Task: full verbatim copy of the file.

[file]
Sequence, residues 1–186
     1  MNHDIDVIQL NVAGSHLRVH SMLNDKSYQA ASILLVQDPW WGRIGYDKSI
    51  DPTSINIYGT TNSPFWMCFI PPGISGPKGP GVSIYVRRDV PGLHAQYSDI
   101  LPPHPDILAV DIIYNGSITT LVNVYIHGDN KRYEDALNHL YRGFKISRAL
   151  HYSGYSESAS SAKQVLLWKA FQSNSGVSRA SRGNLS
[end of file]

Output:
Sequence, residues 1–186
     1  MNHDIDVIQL NVAGSHLRVH SMLNDKSYQA ASILLVQDPW WGRIGYDKSI
    51  DPTSINIYGT TNSPFWMCFI PPGISGPKGP GVSIYVRRDV PGLHAQYSDI
   101  LPPHPDILAV DIIYNGSITT LVNVYIHGDN KRYEDALNHL YRGFKISRAL
   151  HYSGYSESAS SAKQVLLWKA FQSNSGVSRA SRGNLS